It’s an age-old question. Do human beings learn from failure? Of course, is the short answer. At least the well-adjusted among us do. That we learn from our mistakes through trying and failing is a proven fact.
Trial and Error
Trial and error is at the core of the process of natural selection found in Charles Darwin’s theory of evolution. It holds, in essence, that when a species fails to learn from its mistakes, it perishes from the face of the earth. But failure is often painful, physically and emotionally. And while most of us recover quickly from physical pain, the emotional byproduct of failure can be lasting.
You might think humans have evolved to the point that we understand the best way to learn from our mistakes is by observing other people’s failures and not repeating them. Not so. While we do learn from other people’s mistakes, and it is easier than learning from our own, the best learning occurs when it’s personal. Learning is hard. Those who ascribe to the concept of trial-and-error learning believe that personal failure is necessary for full learning to occur. In fact, learning only by observing other people fail can even be counterproductive.
Research into the neurological and psychological aspects of learning suggests that the inability to learn from one’s own mistakes may cause problems ranging from childhood bullying to road rage and substance abuse. Not learning from failure would mean that the neurotransmitters in the brain responsible for monitoring and correcting immediate errors are being short circuited. When this happens, and it occasionally does, it causes the afflicted to repeat the same mistakes over and over again.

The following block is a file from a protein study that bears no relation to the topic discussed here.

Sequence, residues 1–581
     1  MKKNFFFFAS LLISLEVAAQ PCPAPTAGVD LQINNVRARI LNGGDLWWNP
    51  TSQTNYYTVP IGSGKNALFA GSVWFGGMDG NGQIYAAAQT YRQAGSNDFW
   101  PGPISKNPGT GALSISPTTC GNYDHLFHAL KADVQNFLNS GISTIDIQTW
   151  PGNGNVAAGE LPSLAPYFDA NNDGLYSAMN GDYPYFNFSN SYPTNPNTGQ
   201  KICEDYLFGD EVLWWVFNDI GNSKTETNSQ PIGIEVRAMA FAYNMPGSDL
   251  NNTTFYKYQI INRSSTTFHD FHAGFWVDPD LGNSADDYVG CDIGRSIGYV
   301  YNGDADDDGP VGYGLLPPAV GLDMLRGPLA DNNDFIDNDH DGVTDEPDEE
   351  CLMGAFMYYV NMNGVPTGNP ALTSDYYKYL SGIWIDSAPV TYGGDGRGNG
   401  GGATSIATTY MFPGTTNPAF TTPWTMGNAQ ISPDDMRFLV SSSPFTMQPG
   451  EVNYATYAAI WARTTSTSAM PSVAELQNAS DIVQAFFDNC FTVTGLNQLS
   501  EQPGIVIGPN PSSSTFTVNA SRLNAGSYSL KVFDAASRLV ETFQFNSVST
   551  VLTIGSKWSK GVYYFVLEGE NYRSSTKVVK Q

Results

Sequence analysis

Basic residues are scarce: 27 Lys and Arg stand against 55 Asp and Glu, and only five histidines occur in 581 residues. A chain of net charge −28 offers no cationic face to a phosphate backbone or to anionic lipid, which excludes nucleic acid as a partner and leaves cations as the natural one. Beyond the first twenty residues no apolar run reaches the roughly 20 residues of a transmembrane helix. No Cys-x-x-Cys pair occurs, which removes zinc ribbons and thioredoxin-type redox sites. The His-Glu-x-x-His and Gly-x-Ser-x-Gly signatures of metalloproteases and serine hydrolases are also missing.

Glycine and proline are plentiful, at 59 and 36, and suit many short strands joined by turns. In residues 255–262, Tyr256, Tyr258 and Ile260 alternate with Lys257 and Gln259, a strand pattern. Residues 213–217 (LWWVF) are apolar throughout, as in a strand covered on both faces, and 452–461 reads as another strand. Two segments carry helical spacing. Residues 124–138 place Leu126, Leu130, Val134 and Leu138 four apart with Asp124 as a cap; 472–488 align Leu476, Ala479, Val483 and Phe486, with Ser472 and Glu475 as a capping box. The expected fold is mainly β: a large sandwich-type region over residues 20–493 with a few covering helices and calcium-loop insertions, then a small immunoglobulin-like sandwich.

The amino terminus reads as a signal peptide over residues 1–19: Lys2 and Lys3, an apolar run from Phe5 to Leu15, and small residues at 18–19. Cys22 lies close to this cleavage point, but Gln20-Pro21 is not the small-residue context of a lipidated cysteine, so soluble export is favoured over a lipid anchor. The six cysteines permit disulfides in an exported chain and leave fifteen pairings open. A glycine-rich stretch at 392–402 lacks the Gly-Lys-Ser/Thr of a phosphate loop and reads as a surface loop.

How to Learn by Failing
Learning by failing is a process that requires practice to perfect. Failing teaches you what you don’t know and then helps you learn. It’s an opportunity for personal growth. Dr. Joyce Brothers has been quoted as saying, “The person interested in success has to learn to view failure as a healthy, inevitable part of the process.”
How exactly is a person supposed to embrace failure? Here are a few guidelines:
- The first step in learning from your mistakes is to embrace them. When you simply try to shrug off the emotions and insecurities that can arise when you fail, they often resurface later, sometimes with a vengeance. It’s important to manage your emotions lest you become a victim of them.
- Even as you’re processing your emotional response to failure, start working on a rational one. If possible, detach yourself and analyze your mistake as if you were an impartial observer. Be as honest with yourself as possible when thinking about what went wrong, and why. It isn’t easy, but it will help you identify similar situations in the future and make you better prepared to navigate the cross currents.
- Strategize on ways you can mitigate the tendency to repeat your mistakes. Create a failure-prevention battle plan by arming yourself with the tools you need to succeed. Writing things down as soon as possible is an excellent way to remember. Then, if you see yourself drifting off course, you can refer back to what you’ve written and keep things on track.
- Tell someone else about what happened and how you handled it. This will also help them to avoid the same mistake, and chances are, the gratitude you receive for your altruism will help embed the solution in your subconscious as well.Of course, we all make mistakes. Life will dish out plenty of failure. The key to learning is to filter out, or at least correctly process, the emotional and psychological aspects of failure. Only then can the logical left side of the brain balance out the more emotional right side.